As antibody tests are becoming more frequent in discussions about the current coronavirus pandemic, there is plenty of talk about fake antibody tests. The Food and Drug Administration (FDA) is now requiring FDA-approval on COVID-19 antibody tests in the US after weeks of fake or defective tests entering the market.
The FDA’s March guidelines allowed a higher level of flexibility for unverified antibody tests to enter the markets to help detect the presence/exposure of COVID-19. However, antibody tests were not meant to diagnose active coronavirus infections, which was how some fake test developers marketed their products.
The FDA is reversing its previous stance because they no longer think the risk of fake tests is worth lighter regulations for the sake of more available tests.
“Flexibility never meant we would allow fraud,” FDA officials Anand Shah and Jeff Shuren wrote in an official statement. “We unfortunately see unscrupulous actors marketing fraudulent test kits and using the pandemic as an opportunity to take advantage of Americans’ anxiety.”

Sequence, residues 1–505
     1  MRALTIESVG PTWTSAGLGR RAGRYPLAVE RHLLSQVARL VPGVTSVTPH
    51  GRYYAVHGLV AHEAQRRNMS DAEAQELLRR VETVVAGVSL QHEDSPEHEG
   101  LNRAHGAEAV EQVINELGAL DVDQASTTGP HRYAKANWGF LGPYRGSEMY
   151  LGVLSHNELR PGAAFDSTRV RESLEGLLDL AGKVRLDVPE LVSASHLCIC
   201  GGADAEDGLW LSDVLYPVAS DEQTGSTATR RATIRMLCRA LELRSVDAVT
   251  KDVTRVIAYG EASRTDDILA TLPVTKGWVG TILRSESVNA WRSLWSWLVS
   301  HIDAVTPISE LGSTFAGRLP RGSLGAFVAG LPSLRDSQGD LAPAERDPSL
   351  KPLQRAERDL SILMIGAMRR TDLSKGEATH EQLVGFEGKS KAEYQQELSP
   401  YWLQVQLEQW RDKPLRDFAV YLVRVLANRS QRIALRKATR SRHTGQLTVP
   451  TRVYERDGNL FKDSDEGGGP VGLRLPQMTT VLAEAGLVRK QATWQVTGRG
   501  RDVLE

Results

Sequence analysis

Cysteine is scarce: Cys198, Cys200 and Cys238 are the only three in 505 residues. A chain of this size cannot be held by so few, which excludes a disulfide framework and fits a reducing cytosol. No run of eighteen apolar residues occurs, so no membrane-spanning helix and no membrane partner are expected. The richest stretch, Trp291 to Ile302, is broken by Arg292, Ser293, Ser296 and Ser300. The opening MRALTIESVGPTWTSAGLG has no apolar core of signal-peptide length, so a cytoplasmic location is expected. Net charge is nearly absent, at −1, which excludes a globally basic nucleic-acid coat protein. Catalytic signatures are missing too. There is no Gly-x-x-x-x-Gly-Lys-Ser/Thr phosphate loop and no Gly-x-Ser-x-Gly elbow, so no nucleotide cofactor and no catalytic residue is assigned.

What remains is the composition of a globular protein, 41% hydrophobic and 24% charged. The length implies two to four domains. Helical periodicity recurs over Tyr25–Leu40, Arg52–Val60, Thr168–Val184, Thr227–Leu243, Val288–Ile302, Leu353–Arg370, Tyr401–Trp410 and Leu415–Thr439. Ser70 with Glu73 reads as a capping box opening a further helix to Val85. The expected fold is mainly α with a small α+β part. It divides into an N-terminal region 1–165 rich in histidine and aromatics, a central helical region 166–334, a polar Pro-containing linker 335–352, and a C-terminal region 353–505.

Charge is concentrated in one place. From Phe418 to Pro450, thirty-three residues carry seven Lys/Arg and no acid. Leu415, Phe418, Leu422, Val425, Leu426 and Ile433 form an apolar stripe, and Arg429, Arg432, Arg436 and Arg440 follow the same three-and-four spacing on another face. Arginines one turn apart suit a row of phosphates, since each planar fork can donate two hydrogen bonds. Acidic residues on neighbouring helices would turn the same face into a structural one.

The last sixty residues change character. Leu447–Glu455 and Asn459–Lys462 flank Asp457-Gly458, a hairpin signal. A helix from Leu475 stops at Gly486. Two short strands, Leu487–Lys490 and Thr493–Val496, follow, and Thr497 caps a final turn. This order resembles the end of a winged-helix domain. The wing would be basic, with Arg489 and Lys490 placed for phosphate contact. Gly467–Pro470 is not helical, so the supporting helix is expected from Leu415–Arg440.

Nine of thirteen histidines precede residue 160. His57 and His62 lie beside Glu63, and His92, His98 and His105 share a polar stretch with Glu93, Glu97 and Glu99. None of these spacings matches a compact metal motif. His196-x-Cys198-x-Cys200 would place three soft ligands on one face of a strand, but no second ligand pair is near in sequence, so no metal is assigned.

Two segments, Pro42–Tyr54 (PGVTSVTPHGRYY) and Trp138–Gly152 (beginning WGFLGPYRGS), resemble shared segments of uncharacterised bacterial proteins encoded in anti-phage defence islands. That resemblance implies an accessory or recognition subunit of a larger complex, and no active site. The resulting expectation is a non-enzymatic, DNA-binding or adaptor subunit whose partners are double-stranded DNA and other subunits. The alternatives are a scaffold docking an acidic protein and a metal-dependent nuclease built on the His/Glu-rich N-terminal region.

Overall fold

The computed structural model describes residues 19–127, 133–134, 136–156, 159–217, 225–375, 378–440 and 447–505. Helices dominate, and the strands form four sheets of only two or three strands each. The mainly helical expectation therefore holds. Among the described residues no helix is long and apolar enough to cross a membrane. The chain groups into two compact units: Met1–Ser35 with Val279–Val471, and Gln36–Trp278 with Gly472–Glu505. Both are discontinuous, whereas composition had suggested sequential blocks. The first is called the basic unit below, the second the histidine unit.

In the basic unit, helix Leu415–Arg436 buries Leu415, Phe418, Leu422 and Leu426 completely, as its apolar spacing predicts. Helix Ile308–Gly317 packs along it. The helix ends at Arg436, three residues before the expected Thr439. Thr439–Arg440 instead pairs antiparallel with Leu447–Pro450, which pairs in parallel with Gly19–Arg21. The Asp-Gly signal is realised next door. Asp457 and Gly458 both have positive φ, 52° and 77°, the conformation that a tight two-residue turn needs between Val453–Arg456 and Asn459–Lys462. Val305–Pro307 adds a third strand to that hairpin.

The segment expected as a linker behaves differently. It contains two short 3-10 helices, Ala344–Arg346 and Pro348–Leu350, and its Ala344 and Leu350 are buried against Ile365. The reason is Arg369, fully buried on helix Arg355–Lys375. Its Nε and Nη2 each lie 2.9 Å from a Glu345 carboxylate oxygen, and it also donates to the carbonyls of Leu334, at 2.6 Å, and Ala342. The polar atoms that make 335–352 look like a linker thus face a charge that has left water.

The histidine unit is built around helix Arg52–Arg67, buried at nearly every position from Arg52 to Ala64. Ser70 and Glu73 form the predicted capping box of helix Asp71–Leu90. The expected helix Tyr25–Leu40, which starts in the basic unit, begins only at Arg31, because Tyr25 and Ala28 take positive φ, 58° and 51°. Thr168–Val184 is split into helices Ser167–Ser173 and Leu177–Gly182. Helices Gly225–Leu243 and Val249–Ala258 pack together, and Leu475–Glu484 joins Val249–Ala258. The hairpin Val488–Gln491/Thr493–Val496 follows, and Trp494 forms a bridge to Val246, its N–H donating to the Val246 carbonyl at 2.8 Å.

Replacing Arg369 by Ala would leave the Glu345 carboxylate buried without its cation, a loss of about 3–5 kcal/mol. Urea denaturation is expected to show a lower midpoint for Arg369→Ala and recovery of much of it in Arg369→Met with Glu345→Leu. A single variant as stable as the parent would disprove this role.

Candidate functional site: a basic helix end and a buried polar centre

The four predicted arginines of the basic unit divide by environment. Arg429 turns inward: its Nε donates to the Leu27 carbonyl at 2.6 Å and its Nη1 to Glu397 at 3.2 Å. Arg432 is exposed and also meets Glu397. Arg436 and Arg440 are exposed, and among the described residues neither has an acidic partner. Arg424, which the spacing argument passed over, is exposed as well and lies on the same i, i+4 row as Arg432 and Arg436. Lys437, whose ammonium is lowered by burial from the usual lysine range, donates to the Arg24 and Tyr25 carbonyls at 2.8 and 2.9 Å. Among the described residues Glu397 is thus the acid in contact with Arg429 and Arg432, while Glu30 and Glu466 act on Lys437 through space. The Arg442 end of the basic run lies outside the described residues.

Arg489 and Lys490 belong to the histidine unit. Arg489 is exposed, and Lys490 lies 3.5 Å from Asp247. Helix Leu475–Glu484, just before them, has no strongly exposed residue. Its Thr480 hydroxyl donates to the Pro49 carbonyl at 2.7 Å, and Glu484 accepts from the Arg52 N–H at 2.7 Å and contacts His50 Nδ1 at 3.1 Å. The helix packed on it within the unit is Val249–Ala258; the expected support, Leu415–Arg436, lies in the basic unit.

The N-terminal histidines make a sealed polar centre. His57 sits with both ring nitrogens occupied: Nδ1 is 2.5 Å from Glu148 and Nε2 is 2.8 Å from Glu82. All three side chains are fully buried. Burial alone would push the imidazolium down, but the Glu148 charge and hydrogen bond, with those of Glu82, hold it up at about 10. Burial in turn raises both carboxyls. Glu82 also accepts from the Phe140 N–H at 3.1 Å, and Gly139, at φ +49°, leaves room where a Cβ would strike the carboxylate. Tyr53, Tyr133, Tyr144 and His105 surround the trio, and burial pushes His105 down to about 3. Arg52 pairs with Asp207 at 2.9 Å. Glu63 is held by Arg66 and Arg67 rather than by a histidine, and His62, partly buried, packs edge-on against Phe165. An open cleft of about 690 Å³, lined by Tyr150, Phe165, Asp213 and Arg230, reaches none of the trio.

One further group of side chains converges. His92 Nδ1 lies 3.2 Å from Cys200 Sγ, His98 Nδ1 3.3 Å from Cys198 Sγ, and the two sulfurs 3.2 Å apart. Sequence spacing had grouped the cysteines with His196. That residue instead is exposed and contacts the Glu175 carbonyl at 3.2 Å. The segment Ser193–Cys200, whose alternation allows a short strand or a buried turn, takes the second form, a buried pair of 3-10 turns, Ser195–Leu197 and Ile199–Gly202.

According to the statement, there were varying false statements from antibody test developers. Some claimed false FDA approval or that they could accurately diagnose COVID-19. Fake antibody tests also included those marketed as at-home tests, which also weren’t approved under the FDA’s March guidelines.
“When we become aware of these issues, we have and will continue to take appropriate action against firms unlawfully marketing their tests, for example, by detaining and refusing illegitimate test kits at the border,” the two FDA officials explained.
Coronavirus antibody test developers must now submit data to the FDA in order to prove their tests work and meet FDA guidelines for sensitivity and specificity before they can be used in the US.
High-quality, approved tests can help researchers understand an individual’s and population’s exposure to COVID-19. A person who has been exposed to COVID-19 will most likely have antibodies to the virus in their blood.